- Imamat is a hereditary office which is transferred from one Imam to the next through ‘Nas’ . This office is continued till today in an unbroken chain of Imams. Today, this office of Imamat is held by Imam Shah Karim al-Hussaini, the Aga khan IV, who is the 49th hereditary Imam of Shia Ismaili Muslims and a direct descendant of Prophet Muhammad (may God’s peace be upon him and his family). It is also a matter of fact that, in today’s time in the Muslim world, it are only Shia Imami Ismaili Muslims who are being led by a living Imam.
“Today the Ismailis are the only Shia community who throughout history have been led by a living hereditary imam in direct descent from the Prophet.”
Merits for an Imam:
- An Imam can only be from the family of the Prophet Muhammad (Ahl-e-Bait).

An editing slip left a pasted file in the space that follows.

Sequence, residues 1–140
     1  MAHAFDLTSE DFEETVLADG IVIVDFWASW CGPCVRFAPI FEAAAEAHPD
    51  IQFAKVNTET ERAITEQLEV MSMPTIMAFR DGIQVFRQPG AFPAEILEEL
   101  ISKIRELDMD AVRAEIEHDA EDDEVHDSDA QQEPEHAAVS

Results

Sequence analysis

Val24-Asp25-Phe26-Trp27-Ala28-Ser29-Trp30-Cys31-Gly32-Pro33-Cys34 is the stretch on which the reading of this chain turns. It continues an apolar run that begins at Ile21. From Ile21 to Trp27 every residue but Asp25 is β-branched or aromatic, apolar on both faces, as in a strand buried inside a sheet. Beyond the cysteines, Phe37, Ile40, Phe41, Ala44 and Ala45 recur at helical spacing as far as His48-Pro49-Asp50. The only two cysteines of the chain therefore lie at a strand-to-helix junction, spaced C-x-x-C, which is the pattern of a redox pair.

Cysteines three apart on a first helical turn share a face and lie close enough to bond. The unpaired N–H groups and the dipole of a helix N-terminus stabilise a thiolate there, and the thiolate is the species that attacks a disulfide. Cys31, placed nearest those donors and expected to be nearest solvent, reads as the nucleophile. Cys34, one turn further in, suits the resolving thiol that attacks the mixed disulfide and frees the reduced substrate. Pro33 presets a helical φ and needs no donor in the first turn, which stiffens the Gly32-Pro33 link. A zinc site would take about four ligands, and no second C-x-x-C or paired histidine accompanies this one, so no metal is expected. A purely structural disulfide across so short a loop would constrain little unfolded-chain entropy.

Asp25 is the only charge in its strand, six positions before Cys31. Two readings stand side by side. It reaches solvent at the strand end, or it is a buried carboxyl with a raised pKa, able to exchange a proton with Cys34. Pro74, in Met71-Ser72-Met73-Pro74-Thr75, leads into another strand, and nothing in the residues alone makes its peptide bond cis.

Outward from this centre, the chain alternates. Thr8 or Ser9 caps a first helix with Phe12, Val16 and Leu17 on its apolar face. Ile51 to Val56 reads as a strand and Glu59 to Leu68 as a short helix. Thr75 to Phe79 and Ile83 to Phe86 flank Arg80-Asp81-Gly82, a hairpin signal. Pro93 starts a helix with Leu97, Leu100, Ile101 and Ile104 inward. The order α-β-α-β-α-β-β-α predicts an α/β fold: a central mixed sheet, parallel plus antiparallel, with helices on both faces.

- He must be infallible like a Prophet, that is, he is divinely bestowed with freedom from error and sin of any sort. As has been mentioned in the Quran about purity of Ahl-e-Bait:
“And Allah only wishes to remove all abomination from you, ye members of the Family, and to make you pure and spotless.” Quran (33:33)
- In Ismaili tradition, Imam must be Hazar – he must be present physically in this world at all times to guide his murids. In the other words, he cannot be in occultation (or ghaibat), as there is no difference between being in occultation or absence of an Imam all-together nor are the results any different between the two conditions. However, an Imam can live in a period of anonymity or seclusion (dawr-e-satr). But this again implies that due to unfavorable circumstances and situations, when there is danger to Imam’s life from his enemies, he does not let his presence known to people other than his family or trusted dais of him. In that case also his physical presence in the world is certainly necessary.